How To Protect WordPress against Brute-Force-Attacks using Fail2ban
WordPress itself does not offer any protection against brute force attacks, but there are several methods for protection, besides lock-down plugins they blocking IP addresses after every failed login attempt. Another way gives the kernel firewall controlled with fail2ban, with it the suspicious host is locked out for a certain time.
To install fail2ban on CentOS 7 then the EPEL repository must be added. Debian provide fail2ban already in the default repository.
$ yum install epel-release
The installation here as root is as follows, a standard configuration is provided, and does not require any further adjustments:
$ yum install fail2ban -y
After fail2ban is installed on the server, the Apache access_log can be scanned for login attempts.
10.241.83.170 - - [02/Jul/2017:21:23:17 +0200] "POST /xmlrpc.php HTTP/1.1" 200 406 10.241.83.170 - - [02/Jul/2017:21:23:19 +0200] "GET /wp-login.php HTTP/1.1" 200 6387 10.241.83.170 - - [02/Jul/2017:21:23:19 +0200] "POST /wp-login.php HTTP/1.1" 200 6561 10.120.13.157 - - [02/Jul/2017:21:27:55 +0200] "POST /xmlrpc.php HTTP/1.1" 200 406 10.120.13.157 - - [02/Jul/2017:21:27:56 +0200] "GET /wp-login.php HTTP/1.1" 200 6440 10.120.13.157 - - [02/Jul/2017:21:27:56 +0200] "POST /wp-login.php HTTP/1.1" 200 6614
So that fail2ban knows which parsers to search for in the log file, a filter is created by editing with vim or other preferred editors, we create the filter file with use the command vi /etc/fail2ban/filter.d/wp-auth.conf
# WordPress brute force auth filter: /etc/fail2ban/filter.d/wp-auth.conf: # # Block IPs trying to auth wp wordpress # [Definition] failregex = ^<HOST> .*"POST \/wp-login\.php HTTP\/.*$ ^<HOST> .*"POST \/\/wp-login\.php HTTP\/.*$ ^<HOST> .*"POST \/xmlrpc\.php HTTP\/.*$ ^<HOST> .*"POST \/\/xmlrpc\.php HTTP\/.*$ ignoreregex =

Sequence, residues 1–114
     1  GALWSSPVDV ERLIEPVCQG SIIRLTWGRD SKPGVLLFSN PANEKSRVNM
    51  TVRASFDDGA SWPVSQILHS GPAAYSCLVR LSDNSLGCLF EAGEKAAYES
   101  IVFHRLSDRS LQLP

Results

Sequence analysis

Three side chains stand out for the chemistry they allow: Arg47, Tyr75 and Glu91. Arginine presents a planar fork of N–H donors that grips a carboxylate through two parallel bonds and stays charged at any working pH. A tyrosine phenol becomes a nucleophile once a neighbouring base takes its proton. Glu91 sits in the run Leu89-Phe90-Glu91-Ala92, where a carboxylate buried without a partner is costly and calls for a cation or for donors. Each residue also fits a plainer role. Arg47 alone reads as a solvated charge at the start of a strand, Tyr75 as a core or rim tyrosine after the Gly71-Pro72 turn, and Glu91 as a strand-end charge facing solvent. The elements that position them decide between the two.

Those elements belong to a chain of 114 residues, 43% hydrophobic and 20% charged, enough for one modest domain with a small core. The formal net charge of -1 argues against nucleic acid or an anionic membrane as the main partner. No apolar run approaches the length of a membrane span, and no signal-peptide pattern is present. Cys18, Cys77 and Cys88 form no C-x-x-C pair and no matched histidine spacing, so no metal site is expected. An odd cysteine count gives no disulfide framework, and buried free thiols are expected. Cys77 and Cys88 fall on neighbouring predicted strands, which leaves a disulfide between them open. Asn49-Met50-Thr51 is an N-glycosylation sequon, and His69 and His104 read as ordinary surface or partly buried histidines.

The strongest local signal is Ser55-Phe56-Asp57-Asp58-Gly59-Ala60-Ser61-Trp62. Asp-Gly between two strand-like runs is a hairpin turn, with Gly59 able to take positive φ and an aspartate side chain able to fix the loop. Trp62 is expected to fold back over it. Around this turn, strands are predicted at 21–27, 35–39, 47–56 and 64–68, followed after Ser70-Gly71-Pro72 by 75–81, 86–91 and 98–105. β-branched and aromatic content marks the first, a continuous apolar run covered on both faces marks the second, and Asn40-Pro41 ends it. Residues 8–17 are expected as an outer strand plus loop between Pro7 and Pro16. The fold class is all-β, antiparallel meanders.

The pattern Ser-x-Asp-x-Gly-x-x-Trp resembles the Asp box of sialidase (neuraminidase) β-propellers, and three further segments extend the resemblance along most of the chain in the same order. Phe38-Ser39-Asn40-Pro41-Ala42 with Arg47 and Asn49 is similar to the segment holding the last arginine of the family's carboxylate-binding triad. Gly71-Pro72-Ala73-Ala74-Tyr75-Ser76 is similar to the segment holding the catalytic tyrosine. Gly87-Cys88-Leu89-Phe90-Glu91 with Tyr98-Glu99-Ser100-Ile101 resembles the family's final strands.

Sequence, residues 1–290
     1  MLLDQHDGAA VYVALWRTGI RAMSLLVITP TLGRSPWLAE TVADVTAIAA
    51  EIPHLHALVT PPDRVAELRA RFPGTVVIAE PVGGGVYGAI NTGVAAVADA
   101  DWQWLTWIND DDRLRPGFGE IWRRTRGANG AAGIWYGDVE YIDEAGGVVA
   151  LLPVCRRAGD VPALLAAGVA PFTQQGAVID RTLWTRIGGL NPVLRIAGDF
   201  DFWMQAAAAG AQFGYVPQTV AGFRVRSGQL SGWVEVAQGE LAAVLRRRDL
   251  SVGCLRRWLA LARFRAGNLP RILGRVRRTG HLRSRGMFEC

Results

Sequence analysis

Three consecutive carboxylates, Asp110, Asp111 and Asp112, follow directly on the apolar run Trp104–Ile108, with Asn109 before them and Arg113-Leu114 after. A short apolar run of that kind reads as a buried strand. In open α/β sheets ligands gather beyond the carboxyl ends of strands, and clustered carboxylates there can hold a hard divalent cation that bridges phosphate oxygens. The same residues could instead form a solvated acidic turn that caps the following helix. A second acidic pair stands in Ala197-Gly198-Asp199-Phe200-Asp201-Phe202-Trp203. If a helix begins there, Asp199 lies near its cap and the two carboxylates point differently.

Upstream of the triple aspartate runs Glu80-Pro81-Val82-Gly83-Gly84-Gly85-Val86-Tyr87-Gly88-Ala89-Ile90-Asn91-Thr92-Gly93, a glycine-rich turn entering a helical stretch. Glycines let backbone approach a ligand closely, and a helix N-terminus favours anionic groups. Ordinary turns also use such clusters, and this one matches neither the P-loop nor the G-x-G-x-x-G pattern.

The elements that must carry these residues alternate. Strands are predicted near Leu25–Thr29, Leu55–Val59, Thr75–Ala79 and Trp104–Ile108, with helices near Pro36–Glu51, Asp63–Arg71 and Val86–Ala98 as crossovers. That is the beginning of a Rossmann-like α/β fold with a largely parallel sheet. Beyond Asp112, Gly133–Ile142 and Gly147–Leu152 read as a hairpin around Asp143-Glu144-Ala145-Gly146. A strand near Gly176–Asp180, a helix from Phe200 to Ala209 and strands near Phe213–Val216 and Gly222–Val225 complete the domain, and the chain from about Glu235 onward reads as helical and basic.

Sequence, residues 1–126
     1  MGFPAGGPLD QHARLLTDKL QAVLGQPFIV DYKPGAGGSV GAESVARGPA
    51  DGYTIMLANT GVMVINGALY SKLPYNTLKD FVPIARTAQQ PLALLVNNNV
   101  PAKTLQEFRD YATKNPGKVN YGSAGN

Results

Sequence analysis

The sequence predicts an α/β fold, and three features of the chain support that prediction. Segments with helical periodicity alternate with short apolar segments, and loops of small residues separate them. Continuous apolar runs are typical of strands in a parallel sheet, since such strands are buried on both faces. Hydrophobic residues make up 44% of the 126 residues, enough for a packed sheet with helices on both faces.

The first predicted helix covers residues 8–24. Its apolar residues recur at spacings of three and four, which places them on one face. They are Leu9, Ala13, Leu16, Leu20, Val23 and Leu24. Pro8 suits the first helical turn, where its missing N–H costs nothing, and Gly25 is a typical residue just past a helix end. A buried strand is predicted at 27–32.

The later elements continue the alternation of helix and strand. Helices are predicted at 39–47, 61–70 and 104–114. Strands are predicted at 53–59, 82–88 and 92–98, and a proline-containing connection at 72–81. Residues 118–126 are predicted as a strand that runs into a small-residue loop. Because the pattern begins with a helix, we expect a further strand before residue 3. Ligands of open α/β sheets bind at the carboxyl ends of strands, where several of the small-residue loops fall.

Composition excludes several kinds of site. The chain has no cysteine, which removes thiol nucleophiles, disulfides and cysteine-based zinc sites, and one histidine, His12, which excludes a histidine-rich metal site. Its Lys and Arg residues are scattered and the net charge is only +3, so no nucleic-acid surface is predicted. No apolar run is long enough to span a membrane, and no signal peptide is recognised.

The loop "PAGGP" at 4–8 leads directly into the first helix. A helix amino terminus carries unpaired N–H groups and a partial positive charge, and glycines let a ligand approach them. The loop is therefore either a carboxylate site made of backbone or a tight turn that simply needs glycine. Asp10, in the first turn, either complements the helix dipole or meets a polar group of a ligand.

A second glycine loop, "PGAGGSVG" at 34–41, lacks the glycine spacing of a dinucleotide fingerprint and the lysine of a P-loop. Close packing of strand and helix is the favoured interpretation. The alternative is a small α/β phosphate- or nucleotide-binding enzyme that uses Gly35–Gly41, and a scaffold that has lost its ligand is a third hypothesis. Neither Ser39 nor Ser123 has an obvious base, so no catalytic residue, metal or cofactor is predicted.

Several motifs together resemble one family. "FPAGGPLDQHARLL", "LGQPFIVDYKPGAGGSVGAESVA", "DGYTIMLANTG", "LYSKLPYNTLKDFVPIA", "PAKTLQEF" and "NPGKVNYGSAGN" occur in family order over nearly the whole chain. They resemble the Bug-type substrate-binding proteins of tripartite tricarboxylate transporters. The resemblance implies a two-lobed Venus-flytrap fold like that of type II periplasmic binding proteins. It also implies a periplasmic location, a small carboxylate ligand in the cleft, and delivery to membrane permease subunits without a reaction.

The main configuration of fail2ban is located in the file /etc/fail2ban/jail.conf, this is copied to jail.local, or you insert only the filter by add the configuration with vi /etc/fail2ban/jail.local
[wp-auth] enabled = true filter = wp-auth action = iptables-multiport[name=AuthFailures, port="http,https"] logpath = %(apache_access_log)s bantime = 1800 maxretry = 5
After 5 login attempts (maxretry) is blocked for 30 min.
Before fail2ban is used, a look is given in /etc/fail2ban/jail.conf, under the section [INCLUDES] the paths of the currently used Linux distribution are defined at the line before = paths-distro.conf, here we use CentOS 7 and the appropriate file /etc/fail2ban/paths-fedora.conf
[INCLUDES] before = paths-centos.conf
We copy the file paths-fedora.conf to paths-centos.conf. All logs should be read under /var/www/*/logs, adjusting the paths to the Apache logs if necessary.
# apache server log apache_error_log = /var/log/httpd/*error_log apache_access_log = /var/log/httpd/*access_log # apache virtual hosts apache_error_log = /var/www/*/logs/*error_log apache_access_log = /var/www/*/logs/*access_log
Under Debian the following content is defined in /etc/fail2ban/jail.conf
[INCLUDES] before = paths-debian.conf
Now restart fail2ban to activate the filter.
$ systemctl restart fail2ban
Check fail2ban status as follows.
$ fail2ban-client status wp-auth
Output the iptable status of the filter in the chain.
$ iptables -vnL | grep AuthFailures
The iptables output of the filter AuthFailure follows about a lot.
Chain f2b-AuthFailures (1 references) pkts bytes target prot opt in out source destination 252K 32M RETURN all -- * * 10.241.83.170/0 0.0.0.0/0 232K 29M RETURN all -- * * 10.120.13.157/0 0.0.0.0/0
If you have locked yourself out by too many failed attempts and tests, you can unlock yourself again with the following command.
$ fail2ban-client set wp-auth unbanip 10.110.51.25
The advantage of this method is that fail2ban blocks suspicious host for all services, many bots will usually go to the next website to continue try attacks, ssh and ftp requests also go nowhere while ICMP requests remain unanswered for the investigated IP address.